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  8. Excellent points, all. You said best for me when you said this:
    What is happening to our world? Since when did people with no political background, and no in-depth experience of the workings of a country, not only feel qualified to take on such a responsibility… but get a vote of confidence from the public?

    My only thought is that we should be totally ashamed of an education system that allows such events to happen.
    And NOW, which private school billionaire will be appointed to “fix” THAT situation?

    Too many people failed to realize that not ALL change is for the better, regardless of how they felt about the need to “drain the swamps.” (building skyscrapers for the [white] mega-rich on the drained swamp-land, for example).
    (Madelyn Griffith-Haynie – ADDandSoMuchMore dot com)
    – ADD Coach Training Field founder; ADD Coaching co-founder –
    “It takes a village to transform a world!”

    Liked by 1 person

  9. Sitting on the fence is painful. I hope he at least delivers on promises about looking after American Veterans and jobs. Politics, no matter what country, has to change. The UK is a mess and despite Brexit, no progress is being made.
    Maybe he’s the one to start the ball rolling. The altternative imho was worse.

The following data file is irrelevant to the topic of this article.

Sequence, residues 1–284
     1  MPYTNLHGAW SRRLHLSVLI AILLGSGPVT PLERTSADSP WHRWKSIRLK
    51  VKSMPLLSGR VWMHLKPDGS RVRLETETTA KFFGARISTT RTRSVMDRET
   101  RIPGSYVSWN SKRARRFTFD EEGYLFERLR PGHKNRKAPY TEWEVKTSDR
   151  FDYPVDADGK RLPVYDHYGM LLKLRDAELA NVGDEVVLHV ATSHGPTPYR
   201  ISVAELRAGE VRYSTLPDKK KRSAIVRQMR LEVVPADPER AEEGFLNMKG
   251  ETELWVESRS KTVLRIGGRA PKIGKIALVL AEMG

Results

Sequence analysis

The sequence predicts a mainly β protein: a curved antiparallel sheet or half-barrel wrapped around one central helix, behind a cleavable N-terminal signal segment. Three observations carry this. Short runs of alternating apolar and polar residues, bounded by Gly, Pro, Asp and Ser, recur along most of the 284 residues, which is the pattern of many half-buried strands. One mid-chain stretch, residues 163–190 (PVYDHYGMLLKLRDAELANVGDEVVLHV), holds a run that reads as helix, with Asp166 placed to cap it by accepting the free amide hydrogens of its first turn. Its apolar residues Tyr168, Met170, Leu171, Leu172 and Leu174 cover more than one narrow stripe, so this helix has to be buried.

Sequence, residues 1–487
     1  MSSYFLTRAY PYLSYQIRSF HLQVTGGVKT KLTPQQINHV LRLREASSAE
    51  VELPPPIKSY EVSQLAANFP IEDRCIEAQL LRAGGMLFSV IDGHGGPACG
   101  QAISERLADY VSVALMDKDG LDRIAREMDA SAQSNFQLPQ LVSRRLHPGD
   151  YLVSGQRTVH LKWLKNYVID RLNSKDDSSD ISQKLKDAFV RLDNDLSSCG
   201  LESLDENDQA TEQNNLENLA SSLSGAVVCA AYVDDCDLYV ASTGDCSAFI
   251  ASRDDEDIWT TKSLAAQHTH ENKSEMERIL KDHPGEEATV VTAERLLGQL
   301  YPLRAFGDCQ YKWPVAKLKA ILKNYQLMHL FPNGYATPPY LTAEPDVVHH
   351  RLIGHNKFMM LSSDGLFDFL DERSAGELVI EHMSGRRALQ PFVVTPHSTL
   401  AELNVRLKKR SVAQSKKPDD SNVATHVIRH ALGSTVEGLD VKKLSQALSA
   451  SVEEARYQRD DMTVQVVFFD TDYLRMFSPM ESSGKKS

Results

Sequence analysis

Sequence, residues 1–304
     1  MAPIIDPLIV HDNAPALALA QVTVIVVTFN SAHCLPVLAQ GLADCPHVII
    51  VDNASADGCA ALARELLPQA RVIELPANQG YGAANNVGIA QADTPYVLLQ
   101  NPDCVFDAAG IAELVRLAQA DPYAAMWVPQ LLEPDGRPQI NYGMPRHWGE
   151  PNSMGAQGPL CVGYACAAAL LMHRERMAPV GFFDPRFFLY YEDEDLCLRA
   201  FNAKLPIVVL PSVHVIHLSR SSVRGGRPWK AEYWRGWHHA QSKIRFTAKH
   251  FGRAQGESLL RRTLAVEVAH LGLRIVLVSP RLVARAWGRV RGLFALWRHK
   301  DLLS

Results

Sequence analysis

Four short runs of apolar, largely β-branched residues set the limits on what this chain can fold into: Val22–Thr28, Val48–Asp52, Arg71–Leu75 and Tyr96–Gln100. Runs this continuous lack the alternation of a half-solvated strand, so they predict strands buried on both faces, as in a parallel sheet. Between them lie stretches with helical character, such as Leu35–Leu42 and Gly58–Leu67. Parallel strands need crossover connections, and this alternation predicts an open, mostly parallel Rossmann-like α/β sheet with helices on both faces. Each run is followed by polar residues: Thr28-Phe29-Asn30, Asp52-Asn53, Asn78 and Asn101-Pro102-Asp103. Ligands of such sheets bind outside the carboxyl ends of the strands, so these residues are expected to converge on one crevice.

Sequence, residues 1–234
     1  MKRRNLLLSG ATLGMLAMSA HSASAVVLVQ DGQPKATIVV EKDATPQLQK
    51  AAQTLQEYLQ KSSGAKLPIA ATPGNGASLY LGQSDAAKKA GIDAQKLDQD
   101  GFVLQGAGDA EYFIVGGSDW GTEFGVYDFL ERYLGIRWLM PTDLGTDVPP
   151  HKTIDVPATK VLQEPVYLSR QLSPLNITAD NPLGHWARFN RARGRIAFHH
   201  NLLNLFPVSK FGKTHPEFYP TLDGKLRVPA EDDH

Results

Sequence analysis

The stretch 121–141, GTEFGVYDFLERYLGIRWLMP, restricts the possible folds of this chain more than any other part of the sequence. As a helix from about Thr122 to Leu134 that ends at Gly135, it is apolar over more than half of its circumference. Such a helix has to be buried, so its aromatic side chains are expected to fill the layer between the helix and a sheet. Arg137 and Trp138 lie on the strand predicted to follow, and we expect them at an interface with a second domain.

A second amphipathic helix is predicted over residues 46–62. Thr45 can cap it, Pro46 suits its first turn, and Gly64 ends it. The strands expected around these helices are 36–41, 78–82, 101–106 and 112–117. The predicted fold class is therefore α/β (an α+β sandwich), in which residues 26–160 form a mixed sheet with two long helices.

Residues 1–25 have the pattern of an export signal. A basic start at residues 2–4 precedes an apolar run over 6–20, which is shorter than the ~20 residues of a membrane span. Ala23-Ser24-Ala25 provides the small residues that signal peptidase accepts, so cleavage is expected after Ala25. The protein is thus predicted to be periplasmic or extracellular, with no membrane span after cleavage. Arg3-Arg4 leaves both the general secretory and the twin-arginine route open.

Liked by 1 person

  10. The sky is not falling. All this drama is beginning to remind me of after the results of cheerleader elections were announced in junior high/middle school.
    It is a concern that the major parties were both so out of touch with reality – or were so determined to keep a strangle hold on their own power that they put forth 2 flawed candidates So many people gave up.
    I’ll sit with the Dalai Lama and wait and see as he says. Meanwhile life goes on as usual for most people.

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  11. I couldn’t have said it better. I’ve watched the interviews. People want Obamacare repealed because they have ACA (which is Obamacare) coverage. What? People are gullible. They hear only what they want to hear. They don’t work out the details of the consequences in their minds. The jobs that were saved were not saved by Trump. They were decisions that had been made months ago but were re-announced to curry favor with the new prez. My mother was a garment worker. All those jobs moved to southeast asia decades ago. The cost of clothes has not increased substantially over what I paid as a new business worker back in the 60-70s. Bringing those jobs back would increase the cost exponentially as US workers would/could never work for the low wage. Bringing the minimum wage up sounds very noble but there are jobs that don’t warrant it. They aren’t meant to be forever jobs but part time jobs for people/kids transitioning into the workplace. If we are paying someone $15/hr to clean off tables what will we pay for the food? Damn! You got me on my soapbox. After saying all that, I am hoping for the best. That’s all I can do. The people were looking for celebrity to tell blatant lies that was what they longed to hear. Reality TV has turned into reality life.